. I bought the older Fire 10 Pro when it first came out and had been using it as my main Android tablet until last week. The productivity pack’s keyboard was basically unusable due to connection issues, and many keys failed completely within a few months of light use. The keyboard case itself was heavy but really sturdy. Performance was acceptable with UI lag that was very annoying at times. I had it running Google apps and pretty much anything I would use on a normal Android tablet. So how does the Fire Max 11 compare? Really well actually. The software still needs some refinement but it is a major step forward in just about every way. As a note, while my reviews are marked Vine Voice, I have yet to use the program to receive review products and I paid for this tablet with my own money.Performance (4/5): Excellent for the price (I bought the tablet without ads + the productivity bundle during Prime Day). The UI is fast, apps load quickly, and the memory use is low on Fire OS running Google apps without debloating Amazon apps and services. I have been able to run spit screen apps without any noticeable performance hit. Unfortunately, there are some issues that I will discuss during the software section below.Software (4/5 on OS, 2/5 on Fire OS is known to have some ADB security additions that are not in earlier versions. This interferes with Fire Toolbox and our ability to add some apps, limit or disable auto OTA updates, change the default launcher, and disable some Amazon apps. This is annoying and unnecessary behavior from the Amazon Software Dev team. Thankfully my Fire Max 11 came with OS so I retained that and loaded Google services via Fire Toolbox and all other apps that I normally use via the Play Store. All apps have worked great with exception of the YouTube app from the Play Store. The Fire OS video driver doesn’t seem to be able to render 30 FPS videos properly with the screen running at 60hz refresh rate and there is serious choppiness which is especially noticeable during panning shots. This isn’t a problem for YouTube videos running in the Opera web browser so it’s not a hardware issue. I imagine this will be resolved in the future but I will not be updating my OS version until Amazon stops interfering with customer attempts to customize our tablets and install Google apps.Tablet Case (3/5): The case is held in place with magnets. The keyboard portion is fairly secure and self-aligning which is nice. The back cover with integrated kickstand is ok, but could use stronger magnets to keep it from lifting off or twisting when the kickstand is deployed. The keyboard and kickstand are not super stable on your lap for typing, so you really should find a flat surface for any serious work.Keyboard (3/5 but could be 5/5 with a software update): the keys are arranged well and have good feel and travel. The system is responsive and I haven’t experienced any key strokes that weren’t recognized while typing quickly. Unfortunately, I don’t have the same praise to offer for the track pad. I’m happy that this keyboard has a track pad but its proximity to the space bar and overall sensitivity means that it often registers a click when typing. This causes the cursor to move to some random place in the document and anything typed appears there. This a really annoying and I experienced the issue nearly a dozen times while typing this review. I think a software update could fix this but for now I will place some electrical tape along the top edge to limit these clicks. Another issue with the trackpad is the inability to reverse the scrolling direction. I invert scrolling on all devices I use (Windows and Linux) and not being able to set this up means that I end up using the touchscreen to scroll through websites instead of using the touchpad.Screen (4/5): The screen exhibits some ghosting but the overall presentation is decent enough for the price. I didn’t find any purple cast in dark areas or backlight bleed which is common on cheaper displays. Max brightness is good and the tablet can be used outside in most conditions despite the glossy finish. Having active pen support at this price point is a welcome addition. The quality of the Pen is nice and I didn’t experience any issues during my brief testing.Battery life (5/5): Battery life is excellent. I mostly use my Android tablets for watching videos, browsing websites, performing remote IT System Administration, and some PDF or e-book reading here and there. So far the battery life is better than my last 10 Pro despite the performance being much higher.Frame and build quality (5/5): The body looks and feels premium which means it really needs to have the keyboard case to avoid damaging the finish. This is not a bad thing, just a departure from the more rugged plastic cases employed on earlier Fire Tablets.Speakers (3/5): The speakers sound good but they do not get as loud as the speakers on my Fire 10 Pro. I often find that want more volume but the setting is maxed. I went looking for a safety limiter in the menu but it seems like that’s just as loud as it gets.Cameras (3/5 rear, 4/5 front): The rear camera is basic when compared to other rear cameras modules on the market and does a really poor job in low light. The front facing camera is above average in all but the worst light.Overall (4/5 with Fire OS, 3/5 with OS This is a well rounded tablet that would serve a lot of people well. Most of the issues I have with the tablet itself are software related and are minor. The main problem long term is if Amazon continues to try to lock down the tablets to prevent customization and enabling Google services and the Google Play Store. I do not think that locking a customer into the Amazon ecosystem is a good idea, and allowing this flexibility doesn’t limit a users interaction with the Amazon services that they commonly use and enjoy. For the Prime Day price it’s really hard to go wrong with this tablet for older teens and even professionals. I would not recommend this for young children as I don’t think it would survive multiple drops, and the performance is overkill for the use case they have.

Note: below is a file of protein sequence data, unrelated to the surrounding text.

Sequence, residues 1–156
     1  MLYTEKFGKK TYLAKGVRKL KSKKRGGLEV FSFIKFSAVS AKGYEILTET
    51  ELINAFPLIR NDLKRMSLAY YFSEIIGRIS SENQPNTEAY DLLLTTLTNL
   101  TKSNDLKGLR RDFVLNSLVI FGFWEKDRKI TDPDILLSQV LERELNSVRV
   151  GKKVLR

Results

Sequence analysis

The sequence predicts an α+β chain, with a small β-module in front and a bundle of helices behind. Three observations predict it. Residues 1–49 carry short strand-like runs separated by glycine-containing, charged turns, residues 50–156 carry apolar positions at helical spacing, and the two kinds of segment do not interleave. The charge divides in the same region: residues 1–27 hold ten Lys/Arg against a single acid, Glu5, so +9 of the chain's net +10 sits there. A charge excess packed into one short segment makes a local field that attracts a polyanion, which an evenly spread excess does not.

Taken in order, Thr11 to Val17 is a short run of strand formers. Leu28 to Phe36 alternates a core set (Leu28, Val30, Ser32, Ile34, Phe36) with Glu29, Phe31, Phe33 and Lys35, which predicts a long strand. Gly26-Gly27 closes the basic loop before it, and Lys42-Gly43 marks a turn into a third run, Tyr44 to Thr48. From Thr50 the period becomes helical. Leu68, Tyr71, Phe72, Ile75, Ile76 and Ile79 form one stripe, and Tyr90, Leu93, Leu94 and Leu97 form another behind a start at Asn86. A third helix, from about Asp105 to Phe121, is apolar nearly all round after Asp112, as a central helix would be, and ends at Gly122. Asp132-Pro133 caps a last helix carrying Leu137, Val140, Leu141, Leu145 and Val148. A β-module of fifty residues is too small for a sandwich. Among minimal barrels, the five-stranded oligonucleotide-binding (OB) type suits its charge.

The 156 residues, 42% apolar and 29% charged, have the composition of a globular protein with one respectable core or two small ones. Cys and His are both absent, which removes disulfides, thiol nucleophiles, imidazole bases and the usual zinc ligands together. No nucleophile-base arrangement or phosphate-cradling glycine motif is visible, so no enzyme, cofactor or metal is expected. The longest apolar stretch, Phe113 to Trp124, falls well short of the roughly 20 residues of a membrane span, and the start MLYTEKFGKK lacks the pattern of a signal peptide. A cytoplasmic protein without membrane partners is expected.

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  2. Ski9